What is a Secondary Financial Market

The securities market includes both the money market and the capital market. Most investors turn to the capital market whereas the transactions involve the long-term securities or those with maturities greater than a year. Capital market can be further classified as either primary or secondary financial market. Primary financial market is where new issues such as stocks, bonds, and other long-term securities are sold to the public. Meanwhile, securities and claims that have already been issued are traded and sold in the secondary financial market.

Secondary financial market is one of the most preferred by investors and used by people to create and maintain wealth and earnings. Here is a closer look at some of the features of the secondary financial market.

What is Secondary Financial Market?

Known as aftermarket, the secondary financial market provides a way for investors to sold securities that are already issued to other investors.

What is its difference from primary market?

The primary market goes public first through the Initial Public Offering or IPO, rights offering, and private placement. The issuer of securities or the company receives the earnings of sales. Unlike the primary market, the transactions in the secondary financial market don’t involve the corporation or company that issued the securities. The seller exchanges and trades securities for money or cash paid by the buyer.

How important is the secondary financial market?

The secondary financial market provides liquidity to security investors or purchasers. Liquidity is the ease with which an asset- such as stocks, bonds, and other securities can be exchanged for goods and services. It increases liquidity as investors can purchase long- term financial securities and resell it to other investors if the need for liquidity arises.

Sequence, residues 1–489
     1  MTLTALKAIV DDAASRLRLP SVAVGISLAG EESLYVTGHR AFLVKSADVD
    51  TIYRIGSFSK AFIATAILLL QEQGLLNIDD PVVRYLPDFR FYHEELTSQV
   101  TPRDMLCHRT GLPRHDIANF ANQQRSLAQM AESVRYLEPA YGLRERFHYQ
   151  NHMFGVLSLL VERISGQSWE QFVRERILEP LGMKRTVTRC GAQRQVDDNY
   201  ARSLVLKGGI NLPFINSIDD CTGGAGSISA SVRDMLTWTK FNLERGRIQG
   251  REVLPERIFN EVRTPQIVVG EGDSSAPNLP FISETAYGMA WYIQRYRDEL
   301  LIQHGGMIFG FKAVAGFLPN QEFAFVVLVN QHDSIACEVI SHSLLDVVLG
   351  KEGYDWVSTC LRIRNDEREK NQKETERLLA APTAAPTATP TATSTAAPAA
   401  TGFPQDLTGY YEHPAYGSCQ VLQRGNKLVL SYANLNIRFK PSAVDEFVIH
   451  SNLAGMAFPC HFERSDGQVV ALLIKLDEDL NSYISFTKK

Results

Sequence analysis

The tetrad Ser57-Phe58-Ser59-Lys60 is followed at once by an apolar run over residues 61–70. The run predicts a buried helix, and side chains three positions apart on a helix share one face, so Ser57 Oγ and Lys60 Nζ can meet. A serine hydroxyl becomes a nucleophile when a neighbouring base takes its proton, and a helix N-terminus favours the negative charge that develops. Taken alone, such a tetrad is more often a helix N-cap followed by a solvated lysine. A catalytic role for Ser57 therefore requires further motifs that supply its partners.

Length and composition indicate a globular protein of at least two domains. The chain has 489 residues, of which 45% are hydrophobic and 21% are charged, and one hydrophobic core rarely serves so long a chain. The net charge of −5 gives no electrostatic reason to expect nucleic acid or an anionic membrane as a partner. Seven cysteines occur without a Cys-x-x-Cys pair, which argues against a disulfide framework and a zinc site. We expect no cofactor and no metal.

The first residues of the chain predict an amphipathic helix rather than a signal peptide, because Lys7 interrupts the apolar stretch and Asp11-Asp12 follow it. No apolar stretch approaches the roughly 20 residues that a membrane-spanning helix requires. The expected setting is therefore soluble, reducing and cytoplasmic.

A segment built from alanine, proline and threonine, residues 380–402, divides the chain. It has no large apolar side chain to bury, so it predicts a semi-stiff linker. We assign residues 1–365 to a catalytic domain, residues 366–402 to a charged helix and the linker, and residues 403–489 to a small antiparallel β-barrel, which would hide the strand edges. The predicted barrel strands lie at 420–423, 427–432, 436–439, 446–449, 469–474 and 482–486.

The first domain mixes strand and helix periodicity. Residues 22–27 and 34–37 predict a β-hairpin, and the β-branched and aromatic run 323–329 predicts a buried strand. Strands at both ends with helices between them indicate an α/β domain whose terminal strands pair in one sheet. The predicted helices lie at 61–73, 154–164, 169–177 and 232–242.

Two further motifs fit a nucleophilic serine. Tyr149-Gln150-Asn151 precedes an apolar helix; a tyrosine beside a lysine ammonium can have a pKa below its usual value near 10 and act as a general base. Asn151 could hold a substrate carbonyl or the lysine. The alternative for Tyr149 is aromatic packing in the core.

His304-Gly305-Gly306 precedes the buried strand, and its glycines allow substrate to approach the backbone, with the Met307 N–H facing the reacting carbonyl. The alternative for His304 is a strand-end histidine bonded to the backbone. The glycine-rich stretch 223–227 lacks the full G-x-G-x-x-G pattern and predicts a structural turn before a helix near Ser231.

The secondary financial market also offers the investors a continuous pricing of securities. The price signals of traded instruments reflect value at each point in time, thus providing important information.

It also allows the investors to diversify risks because they have greater choice in buying portfolios or collection of assets that are well diversified.

How do transactions in the secondary financial market works?

The secondary financial markets are traded on either an Organized Exchange or Over-the-Counter (OTC).

Organized Exchanges are centralized institutions that act as auction markets wherein the transactions are through buy and sell orders. The flow of supply and demand among securities determines its price. The best known exchanges for stock are New York Stock Exchange (NYSE) which has the strictest listing policies, and the American Exchange (AMEX) which is the major market for Exchange Traded Funds. Other exchanges include the options exchanges that allow trading of options, and future exchanges for transactions on financial futures.

On the other hand, Over-the-Counter (OTC) transactions are another way of trading in which transactions are made in both IPO and outstanding securities. The dealers in the OTC stand ready to make a market and those multiple of market makers set bid and ask prices for any given securities. The electronic network connects the OTC dealers with buyers and sellers. The first and best known electronic network for security trading is called the National Association of Securities Dealers Automated Quotations (NASDAQ). It enables the buyers and sellers to locate one another easily.